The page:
The second session that got Sam thinking was her first opportunity to take part in a fishbowl conversation (Victoria Treadway and Tracey Pratchett) as prior to the conversation they sought volunteers to “open” the fishbowl conversation and she said she would.  If you have never been involved in a fishbowl conversation before we would encourage you to do so, even if it was somewhat daunting to sit in the middle of the room with two other volunteers and be watched by about thirty people as you begin a conversation on the practical barriers to demonstrating impact and how to overcome them.  Essentially the fishbowl conversation is another method of knowledge mobilisation with those in the “fishbowl” constantly changing as those watching step into the middle to add their knowledge or share their thoughts.  Although the conversation went well and was an inspiring process, it was interesting to see that there are limits to a fishbowl conversation in that the circle around the room was far too crowded and there were possibly too many people involved.  In addition to which, as someone that needs to lipread, Sam found herself circling the fishbowl to find the best vantage point to hear those in the middle – which then led to a conversation with Tracey about access to such events if you have additional needs. i.e. how would someone in a wheelchair take part without feeling awkward.  On reflection, Sam feels that the leadership course has given her the confidence to put myself where she can take best advantage now that she feels more empowered (previously she would have just sat where she could and hoped for the best!)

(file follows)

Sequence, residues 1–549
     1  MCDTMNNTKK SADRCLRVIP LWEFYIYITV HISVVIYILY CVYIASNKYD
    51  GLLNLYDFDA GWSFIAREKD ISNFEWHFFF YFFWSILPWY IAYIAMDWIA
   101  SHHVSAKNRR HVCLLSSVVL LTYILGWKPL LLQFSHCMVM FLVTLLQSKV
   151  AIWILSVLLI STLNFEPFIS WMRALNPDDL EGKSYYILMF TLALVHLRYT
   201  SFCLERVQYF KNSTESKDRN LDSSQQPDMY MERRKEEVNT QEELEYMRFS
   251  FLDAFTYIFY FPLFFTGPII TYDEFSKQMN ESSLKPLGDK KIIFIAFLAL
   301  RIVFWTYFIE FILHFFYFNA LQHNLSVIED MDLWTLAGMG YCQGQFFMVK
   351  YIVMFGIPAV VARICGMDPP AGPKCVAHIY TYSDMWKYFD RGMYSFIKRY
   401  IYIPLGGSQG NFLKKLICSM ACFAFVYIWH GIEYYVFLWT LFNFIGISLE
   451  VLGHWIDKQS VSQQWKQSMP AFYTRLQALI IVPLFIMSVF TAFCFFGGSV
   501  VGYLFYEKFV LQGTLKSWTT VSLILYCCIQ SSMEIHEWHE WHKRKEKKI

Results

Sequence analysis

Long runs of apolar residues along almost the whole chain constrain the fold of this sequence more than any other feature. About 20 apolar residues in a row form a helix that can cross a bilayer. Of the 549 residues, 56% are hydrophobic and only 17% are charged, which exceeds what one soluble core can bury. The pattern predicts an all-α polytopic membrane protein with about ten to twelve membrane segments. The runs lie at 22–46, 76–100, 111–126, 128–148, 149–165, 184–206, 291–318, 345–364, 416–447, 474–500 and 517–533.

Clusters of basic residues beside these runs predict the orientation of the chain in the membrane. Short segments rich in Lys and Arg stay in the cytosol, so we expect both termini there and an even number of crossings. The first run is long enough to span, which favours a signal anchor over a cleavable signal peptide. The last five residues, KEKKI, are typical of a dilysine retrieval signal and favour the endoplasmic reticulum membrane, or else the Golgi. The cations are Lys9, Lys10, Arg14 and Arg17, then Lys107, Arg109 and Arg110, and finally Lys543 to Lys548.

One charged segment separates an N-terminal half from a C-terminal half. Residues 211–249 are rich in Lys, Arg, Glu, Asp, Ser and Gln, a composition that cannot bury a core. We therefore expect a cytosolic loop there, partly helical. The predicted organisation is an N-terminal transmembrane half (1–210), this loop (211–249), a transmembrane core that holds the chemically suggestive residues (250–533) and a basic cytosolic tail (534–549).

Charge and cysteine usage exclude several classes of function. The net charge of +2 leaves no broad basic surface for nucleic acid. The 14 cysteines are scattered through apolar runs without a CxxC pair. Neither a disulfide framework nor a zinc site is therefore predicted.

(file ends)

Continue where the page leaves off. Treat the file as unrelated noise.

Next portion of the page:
Although there were other interesting sessions, the final one that Sam want to touch on is session covering the ‘improvement librarian – the next generation clinical librarian” (Roxanne Hart) as this is a really innovative way to bring knowledge management and library services to those that are working on quality improvement.  Particularly as Roxanne is embedded in the QI team three days a week and has developed her own SBAR (Situation, Background, Assessment, Response) form to support her literature searches.  Interestingly, Roxanne notes that HDAS is no longer her first port of call and this reiterates our own observation that we need more in the way of alternative databases to the old standbys of Cinahl and Medline.

This session was also really useful to Heather, who has recently moved into the QI team in her Trust. Using the skills honed during the Leadership Development Programme Heather has spoken to her manager, Head of Continuous Improvement, and the library service now has a desk in the QI office for more embedded working.

All in all, a very interesting conference with highlights such as Laughing Yoga (which went on just a little too far as to become farcial!), a performance from the Tenovus choir at the conference dinner, and an inspiring Bishop and LeFanu lecture from Isla Kuhn on volunteering her information skills for Evidence Aid.

As a reflection on the conference and the leadership development course, Sam believes that the two events didn’t really have many (if any) cross over points.  That said, Sam did feel rather more able to network, get involved, and generally become part of the conference rather than an observer.

Just as everyone else writes on the subject of the HLG Conference….if you get the opportunity to attend – take it – it’s always worth it.